Tagged: Atari

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December 13, 1982: Atari 1200XL

1982 – After a decent success of the Atari 400/800 line the company noticed the console was looking a little “old”. After all, the Atari 400 actually discolors upon UV light. The 400’s non-tactile keyboard was replaced with the 800’s raised key keyboard. Still, Atari felt they needed to bring this personal computer into the 80’s.Therefore, the 1200XL was born. It was a hybrid computer – using what they called “Sweet 16″ – a byte language developed by Steve Wozniak.  It was to manipulate 16-bit pointer data from an 8-bit system. The Atari 1200XL also featured 64 KB of RAM...

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December 8, 2004: IBM sells PC Division to Lenovo

2004 – It was an interesting day in the Tech community when we heard the news. IBM was getting out of the desktop and laptop markets and focus on server and infrastructure. They started by selling all their assets to Lenovo – China’s largest computer manufacturer. Lenovo wasn’t a household name in the US, but this pretty much changed that overnight.The deal was for $650 million in cash and $600 million in stock. Lenovo would also acquire $500 million in IBM liabilities, which would put the total to $1.75 billion. In return, Lenovo would instantly become the 3rd largest PC...

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November 29, 1972: First Pong Machine

1972 – Andy Cappa’s tavern in CA was the site for the first Pong game was wheeled into the establishment. The coin-operated game was put in by Atari co-founder Nolan Bushnell and game designer Al Alcorn. The duo decided that making their own game – rather than having 3rd parties do it – would help keep costs down. They then turned an old Roller rink and converted to a production line. Pong was the first successful video game system. This Day in Tech History podcast show notes for November 25 Microsoft is first mentioned in a letter from Bill Gates to Paul Allen...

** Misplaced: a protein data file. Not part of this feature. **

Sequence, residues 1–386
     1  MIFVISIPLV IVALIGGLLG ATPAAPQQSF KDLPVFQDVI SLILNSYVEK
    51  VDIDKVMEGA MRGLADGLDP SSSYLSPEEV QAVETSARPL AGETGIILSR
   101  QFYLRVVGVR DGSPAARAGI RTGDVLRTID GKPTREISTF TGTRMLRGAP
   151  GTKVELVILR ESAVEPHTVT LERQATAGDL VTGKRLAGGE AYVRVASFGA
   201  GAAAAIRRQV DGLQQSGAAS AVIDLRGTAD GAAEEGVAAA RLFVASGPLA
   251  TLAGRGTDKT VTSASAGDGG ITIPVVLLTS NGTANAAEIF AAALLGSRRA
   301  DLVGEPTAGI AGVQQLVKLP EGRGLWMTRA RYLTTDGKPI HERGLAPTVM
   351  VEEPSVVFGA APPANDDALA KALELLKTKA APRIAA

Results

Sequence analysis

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November 7, 2000: Pets.com Closes

2000 – It was a time that would be known as when the Bubble burst. The event technically happened on March 10, 2000. Since that time,  dot com-ers began losing their sites and livelihood. Although Pets.com had a pretty good run and marketing strategy, they didn’t have the momentum to keep investors on board. The company worked hard at trying to sell, but even the puppet mascot of a dog holding a microphone wasn’t enough to reel in an interested buyer. The only good sales at Pets.com were the sock puppets, which was eventually sold upon bankruptcy to a company...

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October 20, 1997: Microsoft in Contempt

1997 – Microsoft violated a July 1994 consent decree, so 3 years later, the US Justice department decides to hold Microsoft in contempt. This was the ongoing issues with Internet Explorer bundled in Windows 95. The Justice department wants Microsoft to pay $1 Million a day until Microsoft stops bundling. Microsoft says they have the right to bundle software with the operating system. This was an ongoing battle for Antitrust issues. This Day in Tech History podcast show notes for October 20 David Packard of HP opens the Monterey Bay Aquarium Atari 400/800 patent The first Ubuntu Linux distribution is launched...

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September 27, 1996: Hacker Kevin Mitnick Indicted

1996- Famous hacker Kevin Mitnick is indicted on 25 charges for a 2 and a half year hacking spree. Police believed Mitnick had stolen Millions of dollars in software from different corporations. Mitnick faced up to 200 years in prison if found guilty. He was first arrested on February 15th, 1995.  He was sentenced to 46 months and an additional 22 months for violating the terms of his 1989 supervised release. He was released to supervised release on January 21, 2000 and finally released on January 21, 2003. This Day in Tech History podcast show notes for September 27 Disney nixes...

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August 27, 2008: Fake Mad Men Profiles Rule Twitter

2008- AMC asked for the takedown of some Fans of the TV Show “Mad Men” who decided to create Twitter profiles of the fictional characters. Don Draper, Peggy Olson, Pete Campbell and others were restored to their original stature. Of course, you realize you are only getting Twitters from a fictional character, but what the hey! It’s a great show. This Day in Tech History podcast show notes for August 27 Synapse vs. Atari Findland begins DTT AMD Athlon MP Podcast: Play in new window | Download

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August 23, 1999: Pyra Labs Launched Blogspot

Pyra Labs launched a program called “Blogspot” in 1999 that would let people run their own blogs. The program was bought by Google in 2003, and changed to Blogger in 2006.What is most interesting about this tidbit will be that I don’t mention it in the Podcast. It was brought to my attention after the weekend recordings were made. Nonetheless, it is what brought us to a Social Network world of today and needed to be talked about. Full Day in Tech History podcast show notes for August 23 IBM New logo Yahoo buys Alibaba.com First professional auction of Atari Memorabilia. Steve...

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